A review of ‘Behind the Scenes at the Museum’ by Kate Atkinson
Can you keep a secret? Most authors can, often the plots of novels depend on them. A writer polishing her first book told me that in her next novel nobody would have secrets from anybody; it was too stressful remembering what each character knew and who they were keeping secrets from.
I have just finished reading ‘Behind the Scenes at the Museum’ by Kate Atkinson; I have been wanting to catch up with it for ages after recommendations from friends. It won the 1995 Whitbread Book of the Year. Kate Atkinson is well know for tossing her chapters and pages in the air and allowing them to settle in any order, or at least that is how it feels to readers. Like Marmite, readers love or hate her writing. The tutor at our writing group has several times set us an exercise to write in ‘Kate Atkinson Style’. I love her style and enjoyed the challenge.
‘Behind the Scenes…’ was her first novel and must have broken lots of ‘rules’ at the time. She darts between times and lives. I read this as a paperback on buses, trains and in the waiting room at the dentist, no way to treat a good novel, but dipping in and having to hastily put the book away in the middle of a good bit suits the spirit of the novel.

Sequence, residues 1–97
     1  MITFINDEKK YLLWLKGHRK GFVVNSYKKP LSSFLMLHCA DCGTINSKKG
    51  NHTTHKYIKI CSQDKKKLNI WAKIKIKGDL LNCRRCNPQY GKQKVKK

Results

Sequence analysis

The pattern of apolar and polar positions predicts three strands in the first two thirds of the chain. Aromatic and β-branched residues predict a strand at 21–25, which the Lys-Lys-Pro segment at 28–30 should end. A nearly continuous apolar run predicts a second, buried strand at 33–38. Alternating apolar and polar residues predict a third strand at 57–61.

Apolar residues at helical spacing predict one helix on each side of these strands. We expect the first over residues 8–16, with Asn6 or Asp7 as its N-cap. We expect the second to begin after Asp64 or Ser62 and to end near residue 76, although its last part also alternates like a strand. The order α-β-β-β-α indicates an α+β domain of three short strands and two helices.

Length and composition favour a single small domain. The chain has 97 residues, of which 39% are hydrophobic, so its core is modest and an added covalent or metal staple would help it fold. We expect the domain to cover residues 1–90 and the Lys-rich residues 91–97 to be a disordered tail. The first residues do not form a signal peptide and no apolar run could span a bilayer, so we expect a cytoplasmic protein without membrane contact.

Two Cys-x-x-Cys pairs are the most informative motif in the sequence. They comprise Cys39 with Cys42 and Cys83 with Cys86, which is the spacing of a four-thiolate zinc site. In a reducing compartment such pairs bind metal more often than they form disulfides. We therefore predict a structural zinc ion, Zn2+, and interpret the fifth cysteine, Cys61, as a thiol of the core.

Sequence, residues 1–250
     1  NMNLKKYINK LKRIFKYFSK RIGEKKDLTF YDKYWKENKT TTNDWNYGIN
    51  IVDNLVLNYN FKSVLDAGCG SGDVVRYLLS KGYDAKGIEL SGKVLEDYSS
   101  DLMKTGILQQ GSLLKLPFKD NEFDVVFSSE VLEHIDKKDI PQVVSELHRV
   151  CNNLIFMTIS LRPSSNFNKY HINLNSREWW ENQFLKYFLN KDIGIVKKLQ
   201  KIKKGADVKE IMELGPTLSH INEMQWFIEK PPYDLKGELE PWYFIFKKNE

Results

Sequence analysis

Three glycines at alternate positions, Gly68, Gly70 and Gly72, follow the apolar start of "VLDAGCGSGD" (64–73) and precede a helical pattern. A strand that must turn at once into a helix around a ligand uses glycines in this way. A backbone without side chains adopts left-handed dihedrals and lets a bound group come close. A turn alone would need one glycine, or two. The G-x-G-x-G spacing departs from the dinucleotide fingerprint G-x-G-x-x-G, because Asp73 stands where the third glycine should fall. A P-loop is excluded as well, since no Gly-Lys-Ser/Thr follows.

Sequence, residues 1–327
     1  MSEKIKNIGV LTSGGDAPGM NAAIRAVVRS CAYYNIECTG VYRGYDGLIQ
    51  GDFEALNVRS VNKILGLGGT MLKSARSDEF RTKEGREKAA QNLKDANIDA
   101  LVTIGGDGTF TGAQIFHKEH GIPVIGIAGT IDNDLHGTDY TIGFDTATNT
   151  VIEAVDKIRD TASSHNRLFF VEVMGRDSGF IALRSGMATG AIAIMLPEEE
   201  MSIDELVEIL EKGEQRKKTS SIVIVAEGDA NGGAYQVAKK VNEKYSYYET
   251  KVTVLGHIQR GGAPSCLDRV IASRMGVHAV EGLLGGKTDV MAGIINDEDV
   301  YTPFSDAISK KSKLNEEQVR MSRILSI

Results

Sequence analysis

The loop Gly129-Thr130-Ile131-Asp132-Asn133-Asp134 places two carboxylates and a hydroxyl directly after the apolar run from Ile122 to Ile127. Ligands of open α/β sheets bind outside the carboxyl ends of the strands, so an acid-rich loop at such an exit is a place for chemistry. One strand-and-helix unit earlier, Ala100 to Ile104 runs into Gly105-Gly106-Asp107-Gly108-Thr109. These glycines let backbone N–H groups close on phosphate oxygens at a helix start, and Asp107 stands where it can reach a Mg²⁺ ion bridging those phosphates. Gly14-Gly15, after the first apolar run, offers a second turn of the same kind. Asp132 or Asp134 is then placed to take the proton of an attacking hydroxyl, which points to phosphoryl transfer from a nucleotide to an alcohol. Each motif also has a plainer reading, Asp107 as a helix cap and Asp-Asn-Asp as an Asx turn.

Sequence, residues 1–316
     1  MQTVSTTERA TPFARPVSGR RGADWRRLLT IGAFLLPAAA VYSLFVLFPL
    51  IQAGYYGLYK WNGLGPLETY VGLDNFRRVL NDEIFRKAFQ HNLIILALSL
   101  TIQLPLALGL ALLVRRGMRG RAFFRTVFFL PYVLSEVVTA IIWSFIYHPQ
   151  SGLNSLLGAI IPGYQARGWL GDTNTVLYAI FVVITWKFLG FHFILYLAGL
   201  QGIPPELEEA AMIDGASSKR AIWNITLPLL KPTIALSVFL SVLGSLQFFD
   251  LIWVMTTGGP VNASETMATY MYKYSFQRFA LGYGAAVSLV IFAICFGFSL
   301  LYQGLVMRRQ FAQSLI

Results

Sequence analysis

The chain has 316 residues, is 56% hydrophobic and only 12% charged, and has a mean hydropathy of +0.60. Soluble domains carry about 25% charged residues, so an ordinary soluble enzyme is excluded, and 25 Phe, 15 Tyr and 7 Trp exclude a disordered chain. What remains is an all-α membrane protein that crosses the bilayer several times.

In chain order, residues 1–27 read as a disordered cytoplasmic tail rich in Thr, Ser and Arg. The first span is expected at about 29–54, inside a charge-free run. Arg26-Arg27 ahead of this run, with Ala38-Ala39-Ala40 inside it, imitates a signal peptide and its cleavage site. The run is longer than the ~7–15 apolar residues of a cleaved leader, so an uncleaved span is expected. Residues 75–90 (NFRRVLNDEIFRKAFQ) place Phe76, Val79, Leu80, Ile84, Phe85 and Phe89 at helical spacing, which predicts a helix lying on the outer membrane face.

Kate Atkinson keeps secrets from her readers and from her main character Ruby Lennox. We follow Ruby from the moment of her conception… ‘I exist! I am conceived to the chimes of midnight’ and by the time she is a week old she has decided Bunty is a poor choice of mother. Writing from a child’s point of view is tricky, but Atkinson achieves an excellent narrative. As the youngest in the family Ruby has many secrets kept from her including the big one that readers can only vaguely guess at. What adds to the delight of the novel is that Ruby is the only one who knows the future, sees when characters are making mistakes they will regret for the rest of their lives, knows when characters are about to have their lives cut short.
A novel that breaks rules, too many characters, too many sub plots, a whole century of history and family dramas packed into 382 paperback pages; I’m sure I’ve missed the plot in parts, but this is a novel I’m happy to go back to and begin again.